The new iteration of the Agents of Atlas only kinda sorta does the same trick. The rather large new team line-up has a sort of bridge character between the previous Agents of Atlas, which writer Jeff Parker created based on a bit of retroactive continuity in 2006 and then kept alive through a variety of miniseries, team-ups and the occasional ongoing for the following dozen years or so, and the new team. Former FBI and SHEILD agent Jimmy Woo, who now leads Atlas, appears in this series, although his fellow "Agents" (Gorilla-Man, Namora, Marvel Boy/The Uranian, The Human Robot/M-11, Venus) are nowhere to be found. Instead, writer Greg Pak uses the team name to apply to a group of heroes whose organizing principal is simply a matter of geography and/or ancestry: All of the heroes are of Asian descent.
The connection to Atlas is tenuous at best, but Pak manages to craft a relatively short story that throws almost a dozen Asian and Asian-American heroes into a makeshift team (via the Avengers-like "And there came a day unlike any other, when earth's mightiest heroes were united against a common threat!" method of team founding) that feels natural and organic in-story, even if the real-world impetus is more artificial (That is, a new superhero team consisting entirely of Asian characters). I think it will be in Pak's next story featuring this team, given an ongoing after this War of the Realms tie-in introduction, that will truly determine how well he's able to pull off the founding of this new team.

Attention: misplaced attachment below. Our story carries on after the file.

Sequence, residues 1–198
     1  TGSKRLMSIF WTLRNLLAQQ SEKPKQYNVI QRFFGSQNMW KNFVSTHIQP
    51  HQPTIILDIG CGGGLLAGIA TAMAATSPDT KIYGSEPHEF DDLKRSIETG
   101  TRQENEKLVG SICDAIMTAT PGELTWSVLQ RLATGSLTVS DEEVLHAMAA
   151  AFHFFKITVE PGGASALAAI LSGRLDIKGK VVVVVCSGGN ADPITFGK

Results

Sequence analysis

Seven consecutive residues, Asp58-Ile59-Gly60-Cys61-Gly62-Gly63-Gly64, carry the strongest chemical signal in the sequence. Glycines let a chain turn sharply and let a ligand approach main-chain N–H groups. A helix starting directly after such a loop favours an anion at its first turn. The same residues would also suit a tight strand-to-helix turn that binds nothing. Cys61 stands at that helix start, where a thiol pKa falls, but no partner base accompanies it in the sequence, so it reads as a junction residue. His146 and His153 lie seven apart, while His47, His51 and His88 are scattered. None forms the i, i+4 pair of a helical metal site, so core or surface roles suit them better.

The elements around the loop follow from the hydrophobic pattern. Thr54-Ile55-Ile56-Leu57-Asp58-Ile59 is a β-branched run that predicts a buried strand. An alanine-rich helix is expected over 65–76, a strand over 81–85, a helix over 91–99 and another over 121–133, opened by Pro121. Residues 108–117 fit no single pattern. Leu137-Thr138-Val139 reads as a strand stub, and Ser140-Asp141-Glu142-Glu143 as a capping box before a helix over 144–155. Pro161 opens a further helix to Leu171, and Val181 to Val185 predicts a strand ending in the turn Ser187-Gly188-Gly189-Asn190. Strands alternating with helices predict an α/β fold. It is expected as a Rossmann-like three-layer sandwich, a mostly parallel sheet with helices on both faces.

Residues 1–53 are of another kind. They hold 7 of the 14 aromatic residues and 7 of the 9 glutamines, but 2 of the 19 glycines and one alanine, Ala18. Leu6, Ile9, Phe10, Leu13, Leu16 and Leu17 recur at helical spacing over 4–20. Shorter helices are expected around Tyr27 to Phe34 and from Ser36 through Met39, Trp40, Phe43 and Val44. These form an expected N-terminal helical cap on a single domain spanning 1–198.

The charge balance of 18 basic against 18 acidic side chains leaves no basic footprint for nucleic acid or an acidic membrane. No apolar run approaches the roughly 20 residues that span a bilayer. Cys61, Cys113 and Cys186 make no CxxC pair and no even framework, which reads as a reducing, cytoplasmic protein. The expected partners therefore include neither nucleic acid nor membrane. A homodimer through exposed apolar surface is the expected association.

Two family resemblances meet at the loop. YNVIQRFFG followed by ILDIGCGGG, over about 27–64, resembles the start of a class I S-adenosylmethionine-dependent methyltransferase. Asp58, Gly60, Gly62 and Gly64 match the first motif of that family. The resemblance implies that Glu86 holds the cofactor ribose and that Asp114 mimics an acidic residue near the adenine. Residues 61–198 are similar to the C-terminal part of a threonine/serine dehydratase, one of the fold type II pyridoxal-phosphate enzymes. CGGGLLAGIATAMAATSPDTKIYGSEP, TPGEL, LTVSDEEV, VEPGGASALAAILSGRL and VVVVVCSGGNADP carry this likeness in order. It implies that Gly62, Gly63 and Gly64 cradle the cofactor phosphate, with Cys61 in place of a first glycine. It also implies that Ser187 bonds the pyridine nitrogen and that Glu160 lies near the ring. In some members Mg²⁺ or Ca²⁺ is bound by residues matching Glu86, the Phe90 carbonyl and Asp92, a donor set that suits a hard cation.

Woo's role is sort of murky, and after 80 pages, all we really know about him from this book is that he is an experienced leader and secret agent of some kind, and that he runs a school of some kind. Of course, the fact that we know relatively little about them same could be said of almost all of the characters who appear herein. Only Amadeus Cho, formerly The Totally Awesome Hulk and now going by the name "Brawn" apparently, really gets any sustained attention. The rest of the characters are mostly introduced via name and power-set via labels applied tot he panels, which is sort of unfortunate, given the sheer number of characters, many of them apparently making their comic book debuts and/or being entirely new (From what I gather, some of the characters previously appeared in a video game of some kind...?), and even the most famous of the characters having relatively small roles.